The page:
Directed by Robert Zemeckis
Starring Michael J. Fox, Christopher Lloyd, Lea Thompson
Adventure, Comedy, Sci-Fi (1h 56m)
Drew Struzan's movie posters make for great movie theater memorabilia no matter the era. His take on Back to the Future is no exception. Simple as it is, it places its iconic elements as the focus for its marketing.
First, there's Michael J. Fox's Marty McFly as the character to keep an eye on. Second, there's the iconic DeLorean after its fiery skid from time travel. Finally, there's the sleek and inventive logo.
All elements combined, we get a simple but timeless blockbuster ad that remains one of the best movie posters of all time.
9. Scarface (1983)
Directed by Brian De Palma
Starring Al Pacino, Michelle Pfeiffer, Steven Bauer
Crime, Drama (2h 50m)
Not everyone knows the name Tony Montana nor his colorful life. That's why Scarface's movie poster speaks it all for us.
Where to start on this dorm room-worthy decoration? How about the meaty caption that shares the premise of the movie, plus the tagline "He loved the American Dream. With a vengeance."? Or the striking black-and-white halves imposed over Al Pacino and his iconic white suit?
This movie poster is so cool that the Todd Philips comedy War Dogs even parodied it for one of their own official movie posters.
8. Metropolis (1927)
Directed by Fritz Lang
Starring Brigitte Helm, Alfred Abel, Gustav Fröhlich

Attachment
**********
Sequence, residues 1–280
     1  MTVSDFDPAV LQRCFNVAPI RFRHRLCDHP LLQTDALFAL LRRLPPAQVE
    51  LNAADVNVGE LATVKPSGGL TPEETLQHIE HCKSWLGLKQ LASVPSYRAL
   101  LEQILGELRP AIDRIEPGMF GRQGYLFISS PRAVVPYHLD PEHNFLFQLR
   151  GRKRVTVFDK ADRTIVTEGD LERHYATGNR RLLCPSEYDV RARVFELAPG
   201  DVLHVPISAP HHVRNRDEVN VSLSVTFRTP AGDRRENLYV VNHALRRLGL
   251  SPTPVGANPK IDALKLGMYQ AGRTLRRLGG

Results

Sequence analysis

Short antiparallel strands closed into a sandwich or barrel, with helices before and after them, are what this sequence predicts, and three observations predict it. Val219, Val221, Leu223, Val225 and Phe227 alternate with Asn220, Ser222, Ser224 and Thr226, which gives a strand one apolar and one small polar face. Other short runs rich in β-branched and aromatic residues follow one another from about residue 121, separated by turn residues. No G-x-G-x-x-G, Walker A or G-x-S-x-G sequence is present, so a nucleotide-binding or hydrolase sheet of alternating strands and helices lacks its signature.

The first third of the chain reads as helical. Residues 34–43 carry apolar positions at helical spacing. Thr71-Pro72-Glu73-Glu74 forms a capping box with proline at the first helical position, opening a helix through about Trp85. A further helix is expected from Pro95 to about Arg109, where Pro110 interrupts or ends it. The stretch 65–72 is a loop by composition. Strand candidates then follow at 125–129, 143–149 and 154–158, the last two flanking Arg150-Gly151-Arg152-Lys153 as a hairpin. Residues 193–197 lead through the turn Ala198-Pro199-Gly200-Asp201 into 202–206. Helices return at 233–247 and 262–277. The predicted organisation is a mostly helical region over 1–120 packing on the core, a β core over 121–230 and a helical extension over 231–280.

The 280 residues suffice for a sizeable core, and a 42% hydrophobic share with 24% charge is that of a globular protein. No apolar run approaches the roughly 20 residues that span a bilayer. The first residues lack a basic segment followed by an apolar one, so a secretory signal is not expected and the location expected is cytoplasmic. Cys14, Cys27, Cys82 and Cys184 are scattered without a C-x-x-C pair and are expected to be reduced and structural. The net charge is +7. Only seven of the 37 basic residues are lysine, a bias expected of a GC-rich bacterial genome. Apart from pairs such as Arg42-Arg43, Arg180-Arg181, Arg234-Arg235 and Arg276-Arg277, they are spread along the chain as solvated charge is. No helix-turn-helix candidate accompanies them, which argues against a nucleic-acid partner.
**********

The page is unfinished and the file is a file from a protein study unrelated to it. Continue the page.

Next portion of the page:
Drama, Sci-Fi (2h 33m)
Metropolis is one of the landmark movies of the sci-fi genre. You might not get that sense just from its movie poster, but the grand scale of the movie is fully apparent.
Designed by Heinz Schulz-Neudamm, Metropolis' movie poster seizes the gold-plated style of its time to depict the film's dystopian city setting. The eye-catching text, the tall buildings, and the Machine Man below with its ominous eyes all leave a lasting impression.
These elements from this German expressionist science-fiction silent film are just as intriguing to this day. It's no surprise that Schulz-Neudamm's art piece has been regarded as "the world's highest-value poster."
7. The Silence of the Lambs (1991)
Directed by Jonathan Demme
Starring Jodie Foster, Anthony Hopkins, Scott Glenn
Crime, Drama, Thriller (1h 58m)
The movie poster for The Silence of the Lambs requires a vagueness that leaves a haunting impression. On its surface, Jodie Foster's mouth being covered by a moth—specifically, a Death's Head hawkmoth—gives you that impression. But there's more to it than meets the eye.
Notice the skull-like pattern on the moth and examine it closely. You can see the bodies of seven women, referring to the victims in the film. Designer Dawn Baillie took director Jonathan Demme's suggestion to use a Salvador Dali photograph to create the image on the moth.
6. Anatomy of a Murder (1959)
Directed by Otto Preminger
Starring James Stewart, Lee Remick, Ben Gazzara
Drama, Mystery (2h 41m)
Saul Bass is an icon for movie poster design. He did the title sequences for movies like The Man With the Golden Arm, North by Northwest, Psycho, as well as the logos for Hanna Barbera and AT&T. If you aren't familiar with his work, soak in the poster for Anatomy of a Murder.
To shed hints on this courtroom drama, Bass uses block shapes of a dissected corpse both as a pun on the title and as a glimpse of the film's moral themes. Not the flashiest of its time, but it started a trend of minimalist movie posters with deeper meanings. All hail Saul Bass!
5. Vertigo (1958)
Directed by Alfred Hitchcock
Starring James Stewart, Kim Novak, Barbara Bel Geddes
Mystery, Romance, Thriller (2h 8m)